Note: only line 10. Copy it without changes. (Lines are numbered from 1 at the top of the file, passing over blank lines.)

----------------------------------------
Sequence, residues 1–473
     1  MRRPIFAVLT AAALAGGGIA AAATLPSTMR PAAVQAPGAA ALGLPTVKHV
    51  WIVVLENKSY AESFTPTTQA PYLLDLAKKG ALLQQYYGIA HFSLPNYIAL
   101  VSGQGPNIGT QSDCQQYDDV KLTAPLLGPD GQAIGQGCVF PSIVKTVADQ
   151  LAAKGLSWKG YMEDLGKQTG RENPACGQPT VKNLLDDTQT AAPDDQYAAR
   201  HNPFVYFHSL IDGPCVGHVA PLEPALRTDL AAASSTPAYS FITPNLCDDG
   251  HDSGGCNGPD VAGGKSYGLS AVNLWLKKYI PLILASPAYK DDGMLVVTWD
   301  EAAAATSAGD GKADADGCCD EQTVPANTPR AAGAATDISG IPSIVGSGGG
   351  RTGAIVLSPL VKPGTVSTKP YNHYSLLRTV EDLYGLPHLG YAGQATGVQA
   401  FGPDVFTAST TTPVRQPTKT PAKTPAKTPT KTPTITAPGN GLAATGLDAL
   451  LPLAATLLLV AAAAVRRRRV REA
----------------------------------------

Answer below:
   401  FGPDVFTAST TTPVRQPTKT PAKTPAKTPT KTPTITAPGN GLAATGLDAL